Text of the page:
Front Squat Exercise

In my opinion, front squats are one of the absolute best quad builders. Back squats are a tremendous mass builder as well, but front squats introduce an additional level of challenge because they require flexibility, technique, and core strength because the bar must be held and balanced on the front of the shoulders. As such, the front squat does everything the back squat does and more.

One great advantage of the front squat, especially for someone like me, having previously suffered a low back injury (herniated L4), is that the torso can be held in a more upright (vertical position). Since there is less forward trunk inclination, this removes some of the stress and shear forces from the lower back. At the same time, this upright position is closer to a bodybuilding squat and throws much more emphasis on the quads and less on the hips. It is truly a superb bodybuilding exercise.

There are two styles of front squatting, the Olympic lifting style and the crossed arm style. I find that most athletes, and of course Olympic lifters, use the former, while most bodybuilders seem to prefer the latter. The barbell should generally be your weapon of choice, but for bodybuilders, front squats on the smith machine are an outstanding alternative. The Smith machine front squat takes some of the balance issues out of the picture, which allows the physique athlete to really focus on working the muscle rather than worrying about balance and stabilization. Be sure to rotate between both versions, however– barbell and smith machine – because long term overuse or dependency on machines may lead to stabilizer weakness or muscle imbalances and variety is never a bad idea in the physique game. Incidentally, the barbell front squat is an outstanding “core” exercise.

A third version of the front squat worth considering is the dumbbell front squat (especially the sumo or wide stance version). These can be performed holding a single dumbbell with both hands on the front of the shoulders, cupped between both hands (goblet squat) or with two dumbbells, one in each hand, resting on top of each shoulder. The limiting factor on these front squat variations is often the poundage, as holding heavy dumbbells can become unwieldy. This can be partially overcome by performing the dumbbell front squat last in a leg workout or second in a superset, or by manipulating tempo and range of motion so the exercise is made more difficult. The dumbbell variations are also a great choice for women who usually don’t require as much weight as men for stimulation.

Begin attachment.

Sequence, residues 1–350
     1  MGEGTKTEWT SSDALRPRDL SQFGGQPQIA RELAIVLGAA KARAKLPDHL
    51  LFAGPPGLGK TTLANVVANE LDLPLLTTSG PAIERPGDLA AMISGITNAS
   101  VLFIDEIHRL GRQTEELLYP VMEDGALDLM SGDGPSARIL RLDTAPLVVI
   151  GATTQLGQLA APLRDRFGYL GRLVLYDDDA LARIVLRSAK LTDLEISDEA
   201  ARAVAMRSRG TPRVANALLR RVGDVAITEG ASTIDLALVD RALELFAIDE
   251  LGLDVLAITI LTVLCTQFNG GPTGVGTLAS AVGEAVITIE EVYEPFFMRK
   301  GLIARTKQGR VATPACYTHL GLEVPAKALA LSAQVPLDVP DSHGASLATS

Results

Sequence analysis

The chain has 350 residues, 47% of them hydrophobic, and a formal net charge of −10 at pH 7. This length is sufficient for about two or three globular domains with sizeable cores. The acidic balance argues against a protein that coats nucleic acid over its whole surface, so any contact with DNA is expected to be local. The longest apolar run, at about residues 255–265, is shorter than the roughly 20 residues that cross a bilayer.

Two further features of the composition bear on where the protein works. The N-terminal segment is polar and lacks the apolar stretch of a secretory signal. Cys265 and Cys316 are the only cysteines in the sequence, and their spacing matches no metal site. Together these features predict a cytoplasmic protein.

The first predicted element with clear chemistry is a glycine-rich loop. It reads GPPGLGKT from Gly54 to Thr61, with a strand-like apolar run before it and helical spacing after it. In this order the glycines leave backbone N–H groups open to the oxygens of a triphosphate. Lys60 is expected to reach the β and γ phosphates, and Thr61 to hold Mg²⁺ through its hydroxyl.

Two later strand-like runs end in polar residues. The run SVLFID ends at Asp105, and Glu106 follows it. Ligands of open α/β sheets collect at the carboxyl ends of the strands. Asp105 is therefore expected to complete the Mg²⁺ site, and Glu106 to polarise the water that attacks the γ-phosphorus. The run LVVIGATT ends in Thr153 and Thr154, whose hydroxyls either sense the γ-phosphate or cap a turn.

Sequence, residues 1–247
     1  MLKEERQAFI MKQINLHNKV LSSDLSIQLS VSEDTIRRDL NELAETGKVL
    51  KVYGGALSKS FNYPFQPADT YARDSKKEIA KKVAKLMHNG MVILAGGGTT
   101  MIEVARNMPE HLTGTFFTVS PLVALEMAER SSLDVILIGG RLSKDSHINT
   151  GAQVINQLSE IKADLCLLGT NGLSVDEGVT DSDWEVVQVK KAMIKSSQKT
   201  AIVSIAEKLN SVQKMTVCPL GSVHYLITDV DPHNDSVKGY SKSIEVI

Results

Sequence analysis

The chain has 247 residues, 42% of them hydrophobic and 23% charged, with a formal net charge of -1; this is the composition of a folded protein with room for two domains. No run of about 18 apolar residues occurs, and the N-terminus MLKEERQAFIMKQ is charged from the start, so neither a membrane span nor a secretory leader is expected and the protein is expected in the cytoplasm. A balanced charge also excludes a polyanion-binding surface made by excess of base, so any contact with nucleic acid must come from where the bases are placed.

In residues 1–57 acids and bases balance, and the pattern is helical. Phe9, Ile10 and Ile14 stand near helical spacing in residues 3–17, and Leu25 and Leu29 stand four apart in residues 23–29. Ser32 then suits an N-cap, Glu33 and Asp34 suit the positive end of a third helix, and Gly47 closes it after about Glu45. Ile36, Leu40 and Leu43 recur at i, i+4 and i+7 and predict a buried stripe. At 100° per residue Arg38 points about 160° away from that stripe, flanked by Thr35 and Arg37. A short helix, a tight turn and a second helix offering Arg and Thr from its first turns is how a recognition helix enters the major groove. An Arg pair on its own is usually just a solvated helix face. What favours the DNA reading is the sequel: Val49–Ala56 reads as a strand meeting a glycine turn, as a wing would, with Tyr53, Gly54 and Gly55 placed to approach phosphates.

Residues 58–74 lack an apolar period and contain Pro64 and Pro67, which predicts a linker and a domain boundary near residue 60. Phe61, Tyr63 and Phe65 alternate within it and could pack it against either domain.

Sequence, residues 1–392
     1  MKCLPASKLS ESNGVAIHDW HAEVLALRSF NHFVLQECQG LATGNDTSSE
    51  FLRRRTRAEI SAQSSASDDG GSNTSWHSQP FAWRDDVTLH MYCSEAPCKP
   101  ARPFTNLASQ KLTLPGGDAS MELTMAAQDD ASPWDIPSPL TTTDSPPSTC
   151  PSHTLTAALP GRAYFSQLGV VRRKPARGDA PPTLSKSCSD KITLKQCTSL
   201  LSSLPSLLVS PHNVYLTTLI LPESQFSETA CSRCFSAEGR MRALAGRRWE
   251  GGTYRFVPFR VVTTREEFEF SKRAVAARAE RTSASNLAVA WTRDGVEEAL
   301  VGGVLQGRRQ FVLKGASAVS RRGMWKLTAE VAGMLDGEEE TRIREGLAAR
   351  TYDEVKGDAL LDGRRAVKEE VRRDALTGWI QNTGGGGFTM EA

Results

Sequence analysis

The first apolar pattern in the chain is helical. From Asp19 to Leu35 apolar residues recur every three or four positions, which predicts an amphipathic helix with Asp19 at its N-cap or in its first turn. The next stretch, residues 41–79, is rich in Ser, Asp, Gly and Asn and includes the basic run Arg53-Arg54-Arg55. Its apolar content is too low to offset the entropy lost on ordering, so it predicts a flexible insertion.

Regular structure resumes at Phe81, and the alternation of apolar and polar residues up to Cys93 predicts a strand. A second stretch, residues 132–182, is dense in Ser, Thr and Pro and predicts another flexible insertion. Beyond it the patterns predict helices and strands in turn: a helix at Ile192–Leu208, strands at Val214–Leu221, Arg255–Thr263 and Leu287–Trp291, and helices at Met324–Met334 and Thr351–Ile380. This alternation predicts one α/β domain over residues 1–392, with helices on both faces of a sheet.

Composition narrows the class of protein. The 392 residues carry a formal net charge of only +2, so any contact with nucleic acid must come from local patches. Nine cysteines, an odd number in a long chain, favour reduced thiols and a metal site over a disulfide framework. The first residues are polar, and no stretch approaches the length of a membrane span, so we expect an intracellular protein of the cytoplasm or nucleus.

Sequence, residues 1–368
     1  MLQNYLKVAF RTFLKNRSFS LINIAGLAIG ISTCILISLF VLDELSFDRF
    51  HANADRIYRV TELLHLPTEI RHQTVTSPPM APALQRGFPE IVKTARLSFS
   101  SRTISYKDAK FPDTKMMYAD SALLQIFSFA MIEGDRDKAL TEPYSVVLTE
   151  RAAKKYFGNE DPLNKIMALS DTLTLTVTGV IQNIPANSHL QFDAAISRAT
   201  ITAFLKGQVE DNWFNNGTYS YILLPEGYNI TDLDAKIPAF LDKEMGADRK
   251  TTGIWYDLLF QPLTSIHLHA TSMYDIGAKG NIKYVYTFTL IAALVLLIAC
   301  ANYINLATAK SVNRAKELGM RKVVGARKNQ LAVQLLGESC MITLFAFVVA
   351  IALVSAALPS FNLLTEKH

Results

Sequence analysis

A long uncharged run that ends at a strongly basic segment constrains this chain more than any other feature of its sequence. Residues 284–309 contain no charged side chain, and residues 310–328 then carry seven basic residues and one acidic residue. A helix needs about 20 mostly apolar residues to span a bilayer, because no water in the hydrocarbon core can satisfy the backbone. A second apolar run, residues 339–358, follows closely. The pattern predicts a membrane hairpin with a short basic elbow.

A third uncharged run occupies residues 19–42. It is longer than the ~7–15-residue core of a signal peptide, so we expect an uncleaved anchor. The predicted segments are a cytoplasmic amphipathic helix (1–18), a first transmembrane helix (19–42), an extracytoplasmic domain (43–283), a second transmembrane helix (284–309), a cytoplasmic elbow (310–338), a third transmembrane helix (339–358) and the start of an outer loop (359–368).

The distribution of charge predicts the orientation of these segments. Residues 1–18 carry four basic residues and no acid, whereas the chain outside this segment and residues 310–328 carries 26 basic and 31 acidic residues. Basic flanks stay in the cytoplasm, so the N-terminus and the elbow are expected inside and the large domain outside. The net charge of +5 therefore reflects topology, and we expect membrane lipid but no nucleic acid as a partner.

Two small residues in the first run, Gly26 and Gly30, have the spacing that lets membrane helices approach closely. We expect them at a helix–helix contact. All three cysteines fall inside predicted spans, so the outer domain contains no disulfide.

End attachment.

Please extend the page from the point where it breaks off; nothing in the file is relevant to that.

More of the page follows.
I find that the front squat is particularly effective at developing the tear drop shaped vastus medialis portion of the (“lower”) quads, and you can emphasize this effect even more by elevating your heels on a board or a wedge. Elevating your heels is considered controversial and some say that this is damaging to the knees. I’m not convinced that this is the case with a slight elevation and very strict form and controlled tempo, although I would not recommend this method to anyone with existing knee problems. There is certainly a risk to benefit ratio of every technique variation, and you have to decide if the added potential benefit is worth the potential risk, depending on your particular situation (consult the appropriate medical or training professional if you’re not sure)